APRIL STONEDAHL (pictured on the left) will be creating panels of basket weaving for the Viking Family Portrait frame. The frame will display Nordic wood carvings next to the Native American basket weaving. I will introduce the Nordic wood carver in the next post. Early in my research I was fascinated with what is known, what is probable, and what I imagined happening as the Viking culture and the Native American culture came together in North America. The Runestone Museum has an extensive Native American collection on display near their Viking diorama. With these connections it seemed reasonable to do something with the painting to show the Native American influence on the Viking culture and history.
April understands this historical connection and has that connection with her Scandinavian husband.
April is a member of the Bad River Band of Lake Superior Chippewa/Ojibwe. She began weaving black ash baskets in 1999. She came to realize she was the only ash basket weaver making baskets in her band and among just a hand full in all of the northern Chippewa/Ojibwe in Wisconsin. Starting with the hand gathered and prepared raw material, April weaves baskets that are meant for use and takes great pride in her work. Besides teaching from her studio she teaches ash basketry in her community on the Bad River reserve and in the neighboring reserves, and at different venues through out northern Wisconsin and Michigan.
She and her husband, Jarrod, decided to call their business Woodspirit in the late 90's after nearly 10 years of research and learning about the how's and why's of utilitarian craft. Though not aware if it at the time, through the learning of how to use the natural materials that made up the baskets, spoons, bowls, snowshoes and toboggans they were making, their personal philosophies were being shaped as well. They come to understand and believe that through the use of these items they could gain an insight into the natural world and the interconnectedness of it all.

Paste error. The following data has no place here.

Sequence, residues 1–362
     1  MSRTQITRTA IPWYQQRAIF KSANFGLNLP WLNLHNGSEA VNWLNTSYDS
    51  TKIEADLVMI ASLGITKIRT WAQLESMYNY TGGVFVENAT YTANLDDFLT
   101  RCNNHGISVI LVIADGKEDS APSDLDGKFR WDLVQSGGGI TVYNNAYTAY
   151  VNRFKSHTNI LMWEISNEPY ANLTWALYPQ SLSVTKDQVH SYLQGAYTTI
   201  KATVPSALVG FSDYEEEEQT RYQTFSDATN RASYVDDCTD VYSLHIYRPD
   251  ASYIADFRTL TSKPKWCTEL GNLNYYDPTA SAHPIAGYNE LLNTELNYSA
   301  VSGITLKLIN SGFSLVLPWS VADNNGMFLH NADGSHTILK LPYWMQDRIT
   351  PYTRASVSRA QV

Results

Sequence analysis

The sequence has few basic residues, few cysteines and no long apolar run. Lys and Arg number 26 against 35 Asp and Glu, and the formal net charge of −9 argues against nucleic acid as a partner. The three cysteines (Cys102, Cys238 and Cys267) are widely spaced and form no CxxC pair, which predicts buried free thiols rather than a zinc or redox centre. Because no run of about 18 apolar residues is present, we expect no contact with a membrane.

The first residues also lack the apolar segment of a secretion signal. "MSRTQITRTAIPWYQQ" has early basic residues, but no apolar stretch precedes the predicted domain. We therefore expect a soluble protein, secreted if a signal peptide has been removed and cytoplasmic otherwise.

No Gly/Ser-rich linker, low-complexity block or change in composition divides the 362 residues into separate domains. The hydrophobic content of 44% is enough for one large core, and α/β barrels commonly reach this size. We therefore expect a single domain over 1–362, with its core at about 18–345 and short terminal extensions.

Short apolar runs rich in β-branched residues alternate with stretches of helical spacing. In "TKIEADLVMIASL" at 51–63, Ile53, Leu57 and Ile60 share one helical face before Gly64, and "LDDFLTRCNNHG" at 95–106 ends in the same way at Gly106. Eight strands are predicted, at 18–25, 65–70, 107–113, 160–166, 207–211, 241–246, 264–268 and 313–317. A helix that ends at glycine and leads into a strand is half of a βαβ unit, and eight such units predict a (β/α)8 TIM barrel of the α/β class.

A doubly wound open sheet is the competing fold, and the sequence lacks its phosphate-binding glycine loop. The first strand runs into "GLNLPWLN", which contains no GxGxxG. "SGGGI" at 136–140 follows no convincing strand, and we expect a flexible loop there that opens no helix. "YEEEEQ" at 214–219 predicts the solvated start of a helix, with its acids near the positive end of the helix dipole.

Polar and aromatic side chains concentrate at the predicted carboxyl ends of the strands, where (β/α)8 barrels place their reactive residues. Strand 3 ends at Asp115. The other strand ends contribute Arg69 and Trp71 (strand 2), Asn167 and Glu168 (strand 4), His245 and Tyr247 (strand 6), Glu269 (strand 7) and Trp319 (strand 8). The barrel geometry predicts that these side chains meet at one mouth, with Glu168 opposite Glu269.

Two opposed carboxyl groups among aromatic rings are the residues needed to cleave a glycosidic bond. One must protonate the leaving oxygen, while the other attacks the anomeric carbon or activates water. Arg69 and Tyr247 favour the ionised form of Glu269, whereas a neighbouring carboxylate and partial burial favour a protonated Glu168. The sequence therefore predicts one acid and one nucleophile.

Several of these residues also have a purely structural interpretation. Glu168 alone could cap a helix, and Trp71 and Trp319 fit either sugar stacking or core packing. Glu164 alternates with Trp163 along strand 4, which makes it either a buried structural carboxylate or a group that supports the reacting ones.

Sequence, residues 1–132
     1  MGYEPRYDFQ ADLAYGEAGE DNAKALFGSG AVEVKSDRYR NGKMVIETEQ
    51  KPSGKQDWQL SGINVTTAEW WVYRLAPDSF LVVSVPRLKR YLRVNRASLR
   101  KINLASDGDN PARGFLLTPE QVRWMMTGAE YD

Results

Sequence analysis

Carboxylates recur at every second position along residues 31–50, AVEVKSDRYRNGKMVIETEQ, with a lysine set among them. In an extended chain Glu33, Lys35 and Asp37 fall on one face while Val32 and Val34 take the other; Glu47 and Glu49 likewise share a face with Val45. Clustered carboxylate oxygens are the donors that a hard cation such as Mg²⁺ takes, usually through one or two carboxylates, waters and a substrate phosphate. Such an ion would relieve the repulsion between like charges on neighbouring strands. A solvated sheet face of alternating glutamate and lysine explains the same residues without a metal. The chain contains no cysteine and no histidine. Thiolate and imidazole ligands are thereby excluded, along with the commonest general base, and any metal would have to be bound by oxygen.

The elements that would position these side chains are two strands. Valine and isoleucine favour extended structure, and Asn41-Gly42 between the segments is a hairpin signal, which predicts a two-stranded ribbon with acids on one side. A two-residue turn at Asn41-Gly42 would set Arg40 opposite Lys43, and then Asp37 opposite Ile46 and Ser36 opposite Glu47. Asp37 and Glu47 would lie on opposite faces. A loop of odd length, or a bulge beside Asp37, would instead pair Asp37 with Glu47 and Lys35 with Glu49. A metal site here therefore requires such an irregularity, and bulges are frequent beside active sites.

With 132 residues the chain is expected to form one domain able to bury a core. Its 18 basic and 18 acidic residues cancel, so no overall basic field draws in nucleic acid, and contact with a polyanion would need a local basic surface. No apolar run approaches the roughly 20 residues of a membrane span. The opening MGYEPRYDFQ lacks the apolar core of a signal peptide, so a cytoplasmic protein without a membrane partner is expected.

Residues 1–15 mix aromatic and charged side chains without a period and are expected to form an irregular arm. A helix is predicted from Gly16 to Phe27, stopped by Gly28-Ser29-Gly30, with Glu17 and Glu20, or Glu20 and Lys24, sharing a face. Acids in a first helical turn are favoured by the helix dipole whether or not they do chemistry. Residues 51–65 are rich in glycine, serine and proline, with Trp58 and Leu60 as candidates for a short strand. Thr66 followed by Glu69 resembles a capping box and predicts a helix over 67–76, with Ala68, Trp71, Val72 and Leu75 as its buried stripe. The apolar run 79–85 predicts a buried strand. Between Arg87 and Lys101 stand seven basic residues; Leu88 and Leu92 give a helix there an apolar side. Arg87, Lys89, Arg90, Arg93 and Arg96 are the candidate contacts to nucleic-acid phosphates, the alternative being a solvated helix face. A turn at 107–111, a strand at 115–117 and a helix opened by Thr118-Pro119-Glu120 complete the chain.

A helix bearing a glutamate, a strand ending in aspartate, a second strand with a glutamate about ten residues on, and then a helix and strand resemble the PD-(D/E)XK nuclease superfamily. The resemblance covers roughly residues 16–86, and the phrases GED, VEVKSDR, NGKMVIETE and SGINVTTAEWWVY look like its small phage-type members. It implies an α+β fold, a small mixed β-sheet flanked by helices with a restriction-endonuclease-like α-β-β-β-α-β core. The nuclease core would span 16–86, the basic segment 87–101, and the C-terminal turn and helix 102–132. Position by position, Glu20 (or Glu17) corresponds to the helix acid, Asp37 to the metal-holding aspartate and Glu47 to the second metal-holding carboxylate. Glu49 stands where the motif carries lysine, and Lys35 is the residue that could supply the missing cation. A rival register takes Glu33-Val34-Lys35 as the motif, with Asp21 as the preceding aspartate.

April says, "These items connect us to the past, present and future. The past, our heritage or culture, is steeped with the making and using of handmade utilitarian items. In the present, these items have mostly been replaced by items made of cheap inferior material and poor design which have brought the making of these items to the point of near extinction. The future, our hope, is a movement back into recognition that making and using quality hand made items not only supports local artisans and local economies and carries on an age old tradition, but also gives the user a sense of satisfaction.
Please look at the frame design on the color comp in the earlier post to see how the weaving will be used. I spoke with Rich Kephart, the cabinet maker, today and Phillip Odden the Nordic wood carver. The frame is a story in itself with these three contributing their skills and cultures to the project. Rich is Jewish, April is Ojibwe, Phillip is Norwegian, and I am Swedish and Norwegian. A very fun group of artists to work with!